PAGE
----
Macular Degeneration and Ereaders

For those elderly folk who suffer from one form of macular degeneration or another, it seems that ereaders offer an ideal solution to their problems with reading.

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For those elderly folk who suffer from one form of macular degeneration or another, it seems that ereaders offer an ideal solution to their problems with reading.

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Macular degeneration is defined as follows:-

Macular degeneration is a silent and painless loss of central vision due to the degeneration or dying of cells in the retina, called the macula.

What is lost is the central portion of your sight – what you see right in front of you like the face of a person or the words in a book.

Obviously this will give tremendous problems when trying to read, as we use the centre of our field of vision to see the letters on the page – try to read a book only looking at the page from the edge of your field of vision – sort of looking off to the left or right and see how easy it is to read the page whilst not actually looking at it properly and you will see what I mean.

In fact there are a whole load of different versions of this particular eye problem, but they all entail the loss of centre field vision to one degree or another, and all, obviously effect how easy and pleasurable it is to read a book.

And this is where ereaders come into their own as opposed to regular printed paper books, which unless you buy yourself large print versions of whatever book you wish to read, the letters (fonts) are way too small for someone with this particular eye problem to see to any degree.

Added to which is the sad fact that not all books are published in a large font version, and generally they also cost more than their standard versions as well.   So paper books are really not much use to those suffering from this particular form of eye problem – which is a quite large proportion of people over 65 years of age, sadly.

So, why is an ereader a help?

Simply put, almost all real ereaders or Tablets with ereading Apps installed in them, allow you to change the size of the font (letters on the page) from extremely small letters to letters so big it is almost one word per page.  Further one can define the number of words in a line, (the word spacing).  On tablets and some ereaders you can set the contrast (how dark the letters are), and the letter type (some letter types are easier to read than others).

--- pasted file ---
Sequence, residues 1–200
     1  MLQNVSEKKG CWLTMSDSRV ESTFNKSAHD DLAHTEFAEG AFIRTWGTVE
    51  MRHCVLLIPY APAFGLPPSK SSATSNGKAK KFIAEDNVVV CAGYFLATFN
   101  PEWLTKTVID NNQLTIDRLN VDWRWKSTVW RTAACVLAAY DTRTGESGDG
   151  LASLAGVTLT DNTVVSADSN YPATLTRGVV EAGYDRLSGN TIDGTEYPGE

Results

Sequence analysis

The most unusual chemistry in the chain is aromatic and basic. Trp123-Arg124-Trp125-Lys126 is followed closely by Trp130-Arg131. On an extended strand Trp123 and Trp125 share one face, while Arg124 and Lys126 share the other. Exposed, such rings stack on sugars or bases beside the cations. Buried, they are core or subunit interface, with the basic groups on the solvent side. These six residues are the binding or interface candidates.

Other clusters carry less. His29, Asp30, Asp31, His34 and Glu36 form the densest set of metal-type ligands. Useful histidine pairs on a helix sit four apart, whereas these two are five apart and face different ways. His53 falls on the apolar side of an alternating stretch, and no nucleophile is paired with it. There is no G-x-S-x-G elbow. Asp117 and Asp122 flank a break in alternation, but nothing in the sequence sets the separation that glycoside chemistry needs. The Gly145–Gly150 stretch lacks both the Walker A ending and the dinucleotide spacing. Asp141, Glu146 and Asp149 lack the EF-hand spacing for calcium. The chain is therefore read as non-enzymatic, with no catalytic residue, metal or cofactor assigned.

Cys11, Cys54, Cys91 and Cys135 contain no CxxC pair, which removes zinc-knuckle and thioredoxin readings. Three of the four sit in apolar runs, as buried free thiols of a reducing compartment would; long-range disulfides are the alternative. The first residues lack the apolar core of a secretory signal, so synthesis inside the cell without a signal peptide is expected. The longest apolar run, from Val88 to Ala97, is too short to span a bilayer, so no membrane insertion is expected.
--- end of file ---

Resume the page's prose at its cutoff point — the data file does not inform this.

And all these adjustments are very simple to set up, a few clicks of the buttons or swipes on the screen of your ereader and it is done.    Which has the added benefit of being able to set things up on the screen in different ways when in different situations…  In bright sunlight you might be OK with a smaller font, and then at night in bed you will need to set it bigger to allow for the lower lighting situation.. endless possibilities, and these changes can be made to any ebook you have in your ereader.   So no problems such as trying to find special large font versions of the books you wish to read any more.

Which ereader should you buy?

Well actually it hardly matters, as almost all ereaders and tablets (iPads, etc) have all these wondrous possibilities in them.  So it it is more a matter of deciding if you prefer a monochrome dedicated ereader or want colour – Do you prefer to work with buttons or with a touch screen?   All those aspects can be answered by simply going to your nearest electronics shop or good book store and playing with the ereaders and tablets they sell..  Or e-reading blogs  to find out the pros and cons of the various current models on the market.

Share with us:

Do you have any experience with using ereaders or tablets for people suffering from this (or any other) form of reading problem?   If so, do please share your thoughts and experiences with us here.

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